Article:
High school English teacher, Sarah Brown Wessling, shares strategies for promoting collaborative writing inside and outside of the classroom. Wessling highlights that such lessons also promote digital etiquette, provide opportunities for teachers to provide rich feedback, and provide teachers with insights into the individual student’s or the collaborative group’s writing process.
Storybirds are short, art-inspired stories, presentations, reports, or tutorials you and your students make to share, read, and print. Storybird is a fun, collaborative website that can be integrated in all content areas and at all grade levels. It can be an effective resource for teaching parts of a story, the writing process, promoting creativity, and more. STEM and social studies teachers can use Storybird for engaging alternatives to traditional lessons, reports and presentations. Storybird also seamlessly keeps a portfolio of each student’s work.
Participants will be guided in setting up accounts and helped as they begin using Storybird.com’s tools and services. Participants will learn how to use the teacher-specific tools.
Below are my slides from the workshop that I’ve taught a couple of times this week at the Mississippi Educational Communications Conference (MECA) in Jackson, MS. All the workshop materials and resources (including a video tutorial, additional examples, notes, etc.) are available on my wiki, Learning Telecollaboratively.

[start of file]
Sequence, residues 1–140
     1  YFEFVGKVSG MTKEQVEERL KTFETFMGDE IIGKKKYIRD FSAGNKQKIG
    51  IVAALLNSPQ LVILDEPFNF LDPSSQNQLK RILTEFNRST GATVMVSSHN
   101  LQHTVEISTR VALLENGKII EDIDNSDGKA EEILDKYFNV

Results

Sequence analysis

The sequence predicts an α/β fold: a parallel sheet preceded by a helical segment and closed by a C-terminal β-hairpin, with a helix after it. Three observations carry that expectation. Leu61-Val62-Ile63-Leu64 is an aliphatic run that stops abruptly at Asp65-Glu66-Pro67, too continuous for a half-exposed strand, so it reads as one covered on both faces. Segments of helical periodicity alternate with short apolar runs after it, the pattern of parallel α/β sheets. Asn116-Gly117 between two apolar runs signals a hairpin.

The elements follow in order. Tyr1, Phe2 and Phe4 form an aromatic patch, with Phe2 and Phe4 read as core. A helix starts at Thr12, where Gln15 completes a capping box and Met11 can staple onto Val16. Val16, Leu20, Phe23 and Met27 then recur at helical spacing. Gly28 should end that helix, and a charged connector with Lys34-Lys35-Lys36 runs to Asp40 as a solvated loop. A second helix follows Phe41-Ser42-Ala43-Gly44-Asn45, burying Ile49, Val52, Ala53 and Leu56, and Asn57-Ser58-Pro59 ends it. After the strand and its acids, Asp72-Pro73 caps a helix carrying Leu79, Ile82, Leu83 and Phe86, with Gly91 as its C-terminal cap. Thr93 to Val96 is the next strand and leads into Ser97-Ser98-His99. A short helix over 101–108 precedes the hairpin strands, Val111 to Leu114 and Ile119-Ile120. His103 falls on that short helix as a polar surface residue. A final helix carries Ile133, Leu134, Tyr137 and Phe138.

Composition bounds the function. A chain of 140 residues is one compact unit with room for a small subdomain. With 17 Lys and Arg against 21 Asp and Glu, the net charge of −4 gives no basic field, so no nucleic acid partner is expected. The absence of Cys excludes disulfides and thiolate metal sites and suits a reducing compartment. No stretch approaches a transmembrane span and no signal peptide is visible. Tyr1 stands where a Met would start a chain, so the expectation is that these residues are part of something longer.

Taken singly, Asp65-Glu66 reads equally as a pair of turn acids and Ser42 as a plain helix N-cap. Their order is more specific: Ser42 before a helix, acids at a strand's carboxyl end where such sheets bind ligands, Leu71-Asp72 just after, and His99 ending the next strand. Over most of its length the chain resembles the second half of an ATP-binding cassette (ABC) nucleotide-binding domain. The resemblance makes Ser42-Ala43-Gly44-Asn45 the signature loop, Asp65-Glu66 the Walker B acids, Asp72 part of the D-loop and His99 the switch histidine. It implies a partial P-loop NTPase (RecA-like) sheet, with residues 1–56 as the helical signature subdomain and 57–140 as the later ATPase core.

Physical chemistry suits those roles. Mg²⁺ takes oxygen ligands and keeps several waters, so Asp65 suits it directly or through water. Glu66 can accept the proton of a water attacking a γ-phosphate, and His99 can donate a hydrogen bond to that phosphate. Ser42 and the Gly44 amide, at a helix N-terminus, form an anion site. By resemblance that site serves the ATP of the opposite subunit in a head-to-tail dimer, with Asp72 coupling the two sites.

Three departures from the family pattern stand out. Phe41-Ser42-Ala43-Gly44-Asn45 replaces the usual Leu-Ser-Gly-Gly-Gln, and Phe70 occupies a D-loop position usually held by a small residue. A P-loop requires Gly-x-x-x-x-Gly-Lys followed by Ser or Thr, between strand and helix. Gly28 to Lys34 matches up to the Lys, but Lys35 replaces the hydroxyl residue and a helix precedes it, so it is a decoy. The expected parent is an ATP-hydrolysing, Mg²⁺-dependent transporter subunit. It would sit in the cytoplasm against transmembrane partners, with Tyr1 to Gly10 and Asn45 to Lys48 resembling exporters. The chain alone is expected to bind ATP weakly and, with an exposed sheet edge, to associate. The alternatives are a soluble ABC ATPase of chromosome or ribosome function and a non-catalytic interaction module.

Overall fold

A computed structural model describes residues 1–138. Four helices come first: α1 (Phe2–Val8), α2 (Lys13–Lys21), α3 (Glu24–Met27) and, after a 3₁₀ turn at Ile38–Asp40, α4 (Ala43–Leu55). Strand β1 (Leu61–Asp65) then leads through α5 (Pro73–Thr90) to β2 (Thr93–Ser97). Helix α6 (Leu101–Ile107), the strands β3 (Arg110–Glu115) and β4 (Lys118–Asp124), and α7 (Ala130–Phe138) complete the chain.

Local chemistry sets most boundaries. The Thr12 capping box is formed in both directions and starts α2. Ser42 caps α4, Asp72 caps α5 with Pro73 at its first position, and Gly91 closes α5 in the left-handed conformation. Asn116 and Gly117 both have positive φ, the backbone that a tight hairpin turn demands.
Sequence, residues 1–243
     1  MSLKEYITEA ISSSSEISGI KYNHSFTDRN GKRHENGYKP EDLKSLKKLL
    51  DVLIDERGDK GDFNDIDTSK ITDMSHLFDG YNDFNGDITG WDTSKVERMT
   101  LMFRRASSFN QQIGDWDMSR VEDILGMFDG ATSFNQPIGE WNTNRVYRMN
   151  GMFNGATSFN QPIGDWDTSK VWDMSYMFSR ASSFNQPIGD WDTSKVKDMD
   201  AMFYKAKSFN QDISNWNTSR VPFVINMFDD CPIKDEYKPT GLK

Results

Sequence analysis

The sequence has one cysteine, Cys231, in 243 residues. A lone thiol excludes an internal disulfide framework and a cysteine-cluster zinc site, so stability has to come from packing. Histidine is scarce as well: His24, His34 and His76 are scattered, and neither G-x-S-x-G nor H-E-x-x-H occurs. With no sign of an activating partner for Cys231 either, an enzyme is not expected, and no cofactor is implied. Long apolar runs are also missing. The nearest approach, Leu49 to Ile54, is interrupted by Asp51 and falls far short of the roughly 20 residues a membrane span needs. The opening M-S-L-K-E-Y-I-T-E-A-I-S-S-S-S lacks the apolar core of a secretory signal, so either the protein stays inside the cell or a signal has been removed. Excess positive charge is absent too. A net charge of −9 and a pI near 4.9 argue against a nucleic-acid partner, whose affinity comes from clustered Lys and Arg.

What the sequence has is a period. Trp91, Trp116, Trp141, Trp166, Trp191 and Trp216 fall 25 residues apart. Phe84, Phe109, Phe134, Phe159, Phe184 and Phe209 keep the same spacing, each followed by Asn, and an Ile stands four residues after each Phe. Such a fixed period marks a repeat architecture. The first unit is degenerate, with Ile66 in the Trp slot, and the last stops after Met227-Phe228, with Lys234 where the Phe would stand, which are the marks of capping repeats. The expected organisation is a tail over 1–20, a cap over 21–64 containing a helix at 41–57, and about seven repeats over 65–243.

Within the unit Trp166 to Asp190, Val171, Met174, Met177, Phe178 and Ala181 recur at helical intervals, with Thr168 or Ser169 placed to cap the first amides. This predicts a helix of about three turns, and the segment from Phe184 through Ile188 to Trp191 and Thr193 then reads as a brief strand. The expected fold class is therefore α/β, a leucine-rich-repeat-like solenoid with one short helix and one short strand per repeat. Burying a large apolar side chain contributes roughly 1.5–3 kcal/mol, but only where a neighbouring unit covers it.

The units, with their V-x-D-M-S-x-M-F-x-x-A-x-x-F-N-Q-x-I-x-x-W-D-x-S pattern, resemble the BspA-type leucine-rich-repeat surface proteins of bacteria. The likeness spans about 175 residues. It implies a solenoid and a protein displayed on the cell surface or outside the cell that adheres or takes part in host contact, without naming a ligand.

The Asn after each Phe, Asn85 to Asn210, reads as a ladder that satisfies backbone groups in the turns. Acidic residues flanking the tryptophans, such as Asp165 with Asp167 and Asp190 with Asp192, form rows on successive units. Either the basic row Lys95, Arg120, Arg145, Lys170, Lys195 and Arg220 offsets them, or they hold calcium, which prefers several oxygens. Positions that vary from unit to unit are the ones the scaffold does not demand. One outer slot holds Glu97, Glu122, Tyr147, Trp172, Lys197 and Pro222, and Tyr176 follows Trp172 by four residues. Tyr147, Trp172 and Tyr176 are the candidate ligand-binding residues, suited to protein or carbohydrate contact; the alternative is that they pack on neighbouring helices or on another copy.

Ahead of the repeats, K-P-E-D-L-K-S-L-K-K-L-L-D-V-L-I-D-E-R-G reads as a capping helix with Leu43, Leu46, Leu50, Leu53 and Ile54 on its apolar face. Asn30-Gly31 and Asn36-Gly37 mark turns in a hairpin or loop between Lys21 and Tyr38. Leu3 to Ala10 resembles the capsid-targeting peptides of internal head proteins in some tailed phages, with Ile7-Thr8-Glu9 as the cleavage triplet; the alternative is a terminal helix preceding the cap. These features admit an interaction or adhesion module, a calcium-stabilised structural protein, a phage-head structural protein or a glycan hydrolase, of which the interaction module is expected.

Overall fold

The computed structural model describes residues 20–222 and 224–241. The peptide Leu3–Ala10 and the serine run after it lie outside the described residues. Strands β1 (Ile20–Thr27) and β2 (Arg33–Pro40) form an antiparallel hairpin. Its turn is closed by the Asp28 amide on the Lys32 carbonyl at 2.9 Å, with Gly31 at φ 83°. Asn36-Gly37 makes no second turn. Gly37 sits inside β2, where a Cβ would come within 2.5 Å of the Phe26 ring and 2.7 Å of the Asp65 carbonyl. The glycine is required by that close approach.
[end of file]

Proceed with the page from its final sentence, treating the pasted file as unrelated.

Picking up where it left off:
- More from the annals of micropublishing: Picture books from Storybird (pandodaily.com)
- Storybird (5j2014misshooban.wordpress.com)
- Storybirds: A Must Have tool in the classroom! (5j2014msconneally.wordpress.com)
- 2nd Graders Remember Dr. King (clifmims.com)
- 5 Important Tips to Consider When planning to use ICT’s to Improve Your Teaching (teachingtipsandideas.wordpress.com)
I encourage you to resist the temptation to dismiss this video as silly, as soapbox-ing, or not worth your time. Instead, watch the video in its entirety and reflect on its message.
I think the video sheds light on (and makes light of) some important issues in the classroom. I don’t agree that the Common Core is “the” answer. I’m not one to think a single approach is ever the best course of action. However, this video has engaged me in worthwhile reflection about learning, curriculum, preparing students for post-graduation, and more. I hope this prompts reflection for you, too.
I’d enjoy receiving your thoughts. I invite you to share them in the comments section of this post.
5 Questions about the Common Core by Yong Zhao
Hat tip to Anna Clifford for bringing this video and the Through the Core blog to my attention.
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